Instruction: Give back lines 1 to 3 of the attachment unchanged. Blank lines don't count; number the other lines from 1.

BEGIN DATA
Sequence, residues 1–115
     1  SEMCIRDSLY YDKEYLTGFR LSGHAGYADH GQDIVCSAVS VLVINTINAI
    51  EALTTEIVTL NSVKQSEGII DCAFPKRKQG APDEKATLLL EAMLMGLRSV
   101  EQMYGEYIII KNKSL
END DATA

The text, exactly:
Sequence, residues 1–115
     1  SEMCIRDSLY YDKEYLTGFR LSGHAGYADH GQDIVCSAVS VLVINTINAI
    51  EALTTEIVTL NSVKQSEGII DCAFPKRKQG APDEKATLLL EAMLMGLRSV